The medical staff diagnosed the man with a condition called acute generalized exanthematous pustulosis (AGEP), which typically occurs in people taking antibiotics. Other reports have also linked AGEP to brown recluse spider bites, the researchers said. The man recovered in five days, after doctors treated him with oral corticosteroids.

Unusual blood disorders and dark pee

In the case of the man in France who developed the strange rash, the doctors also found that he had a blood disease called periarteritis nodosa (PAN), in which small arteries become swollen and damaged. The doctors linked his blood condition with the brown recluse bite, because previous reports had described conditions similar to PAN in animals injected with brown recluse spider venom.

In fact, blood disorders are some of the rare symptoms that occur in people who have been bitten by recluse spiders, Vetter wrote in one study. The brown recluse venom may cause red blood cells to burst and release their contents into plasma, in a process called hemolysis. As a result, anemia may develop and can last from four to seven days, he said.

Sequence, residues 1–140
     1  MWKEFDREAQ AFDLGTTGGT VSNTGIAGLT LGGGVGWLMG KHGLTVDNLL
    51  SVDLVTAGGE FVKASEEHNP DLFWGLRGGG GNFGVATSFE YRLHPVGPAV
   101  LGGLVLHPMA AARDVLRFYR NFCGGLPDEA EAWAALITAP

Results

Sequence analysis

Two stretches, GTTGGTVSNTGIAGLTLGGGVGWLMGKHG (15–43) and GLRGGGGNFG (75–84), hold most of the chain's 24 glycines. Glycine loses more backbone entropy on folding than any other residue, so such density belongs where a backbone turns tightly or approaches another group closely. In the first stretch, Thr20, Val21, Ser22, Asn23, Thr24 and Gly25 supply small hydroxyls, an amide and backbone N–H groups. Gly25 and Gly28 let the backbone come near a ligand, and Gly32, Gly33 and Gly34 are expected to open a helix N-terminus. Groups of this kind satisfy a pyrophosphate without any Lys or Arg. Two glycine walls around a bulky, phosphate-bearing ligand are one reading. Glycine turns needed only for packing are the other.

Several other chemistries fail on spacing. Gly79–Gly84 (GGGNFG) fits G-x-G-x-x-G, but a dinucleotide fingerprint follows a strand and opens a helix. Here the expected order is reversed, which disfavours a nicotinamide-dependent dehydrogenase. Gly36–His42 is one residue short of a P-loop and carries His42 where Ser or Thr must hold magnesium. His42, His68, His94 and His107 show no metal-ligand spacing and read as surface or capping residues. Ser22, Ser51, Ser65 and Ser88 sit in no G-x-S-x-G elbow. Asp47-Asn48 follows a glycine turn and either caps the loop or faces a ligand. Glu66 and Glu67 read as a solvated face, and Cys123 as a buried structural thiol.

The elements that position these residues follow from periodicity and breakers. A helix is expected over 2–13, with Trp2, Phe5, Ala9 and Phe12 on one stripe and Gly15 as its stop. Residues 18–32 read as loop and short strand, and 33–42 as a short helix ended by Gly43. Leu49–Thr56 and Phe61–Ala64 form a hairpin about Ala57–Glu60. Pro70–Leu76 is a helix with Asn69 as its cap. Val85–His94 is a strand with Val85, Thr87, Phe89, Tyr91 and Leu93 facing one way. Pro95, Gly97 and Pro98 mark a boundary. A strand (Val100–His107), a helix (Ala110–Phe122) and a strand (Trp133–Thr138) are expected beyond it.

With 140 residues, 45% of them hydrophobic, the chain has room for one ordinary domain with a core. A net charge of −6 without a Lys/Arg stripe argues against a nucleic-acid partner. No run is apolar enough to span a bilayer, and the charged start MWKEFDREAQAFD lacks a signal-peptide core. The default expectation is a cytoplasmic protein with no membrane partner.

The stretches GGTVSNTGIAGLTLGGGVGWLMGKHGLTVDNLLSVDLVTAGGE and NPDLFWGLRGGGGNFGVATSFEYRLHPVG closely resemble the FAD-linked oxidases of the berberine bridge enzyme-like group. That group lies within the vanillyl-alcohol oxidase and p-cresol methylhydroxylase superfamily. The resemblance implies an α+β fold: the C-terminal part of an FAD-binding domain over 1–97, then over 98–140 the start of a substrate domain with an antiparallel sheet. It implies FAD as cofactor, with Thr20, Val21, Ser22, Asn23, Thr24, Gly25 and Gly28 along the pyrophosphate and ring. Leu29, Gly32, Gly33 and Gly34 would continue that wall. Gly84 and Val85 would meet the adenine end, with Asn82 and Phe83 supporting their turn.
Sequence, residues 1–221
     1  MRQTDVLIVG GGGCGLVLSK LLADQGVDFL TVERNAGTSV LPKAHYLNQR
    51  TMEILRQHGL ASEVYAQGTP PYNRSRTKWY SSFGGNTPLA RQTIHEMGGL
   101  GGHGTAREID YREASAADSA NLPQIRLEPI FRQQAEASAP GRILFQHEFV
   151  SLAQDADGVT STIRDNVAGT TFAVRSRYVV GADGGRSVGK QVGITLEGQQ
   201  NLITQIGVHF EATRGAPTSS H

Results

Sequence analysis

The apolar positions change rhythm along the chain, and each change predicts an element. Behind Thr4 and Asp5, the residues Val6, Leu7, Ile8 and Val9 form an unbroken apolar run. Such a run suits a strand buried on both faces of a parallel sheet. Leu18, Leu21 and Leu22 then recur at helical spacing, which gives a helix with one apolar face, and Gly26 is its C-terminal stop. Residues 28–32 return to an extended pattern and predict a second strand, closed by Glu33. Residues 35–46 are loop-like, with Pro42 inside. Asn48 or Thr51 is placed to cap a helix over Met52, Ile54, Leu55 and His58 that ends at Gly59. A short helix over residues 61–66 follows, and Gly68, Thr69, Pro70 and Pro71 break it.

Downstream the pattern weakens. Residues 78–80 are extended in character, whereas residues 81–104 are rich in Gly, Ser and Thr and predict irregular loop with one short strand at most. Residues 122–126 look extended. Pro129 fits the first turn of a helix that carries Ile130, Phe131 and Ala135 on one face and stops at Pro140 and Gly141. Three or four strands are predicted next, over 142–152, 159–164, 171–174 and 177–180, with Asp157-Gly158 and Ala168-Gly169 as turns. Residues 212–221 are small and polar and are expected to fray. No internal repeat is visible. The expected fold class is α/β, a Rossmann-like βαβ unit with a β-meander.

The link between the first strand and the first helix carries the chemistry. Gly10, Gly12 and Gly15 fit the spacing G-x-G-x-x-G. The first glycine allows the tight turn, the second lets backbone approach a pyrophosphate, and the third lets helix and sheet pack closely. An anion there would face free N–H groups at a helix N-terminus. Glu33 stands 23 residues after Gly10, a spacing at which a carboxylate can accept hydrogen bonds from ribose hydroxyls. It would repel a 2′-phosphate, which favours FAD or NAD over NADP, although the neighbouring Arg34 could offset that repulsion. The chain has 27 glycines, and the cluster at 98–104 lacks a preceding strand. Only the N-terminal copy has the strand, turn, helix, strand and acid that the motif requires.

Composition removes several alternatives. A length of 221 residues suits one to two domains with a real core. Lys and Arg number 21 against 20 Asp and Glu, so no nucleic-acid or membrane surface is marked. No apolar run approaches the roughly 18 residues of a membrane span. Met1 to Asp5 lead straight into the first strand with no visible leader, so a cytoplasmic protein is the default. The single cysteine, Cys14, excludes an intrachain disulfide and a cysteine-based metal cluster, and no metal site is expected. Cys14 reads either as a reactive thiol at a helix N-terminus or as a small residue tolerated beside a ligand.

These blood problems may lead to other symptoms, such as acute kidney injury and jaundice (yellowing of the skin), as the blood protein called hemoglobin breaks down. The waste products of the breakdown can build up in the blood, and turn the urine dark when they are then excreted.

Puddles of sweat

Some Australian widow spider bite victims have been found to sweat so much after getting bitten that their sweat formed puddles on the floor, Vetter reported in one study.

Excessive sweating is one of the symptoms that may result from the bites of certain spiders that affect the nervous system. The venom of the black widow, for instance, attacks nerves by blocking their signals to the muscles. This causes the muscles to contract repeatedly, which can be painful and stressful for the body.

Black widow spider bite victims may also experience other nerve-related symptoms, such as high blood pressure, restlessness and severe facial spasms.

Who gets these spider-bite symptoms?

Whether a spider bite affects a person only mildly or causes severe symptoms depends on a number of factors, such as the amount of the venom injected, and the size and age of the person who got bitten. Children and elderly people are particularly susceptible to extreme symptoms from toxic spider bites.

However, most people who get bitten are highly unlikely to experience these severe symptoms, researchers say.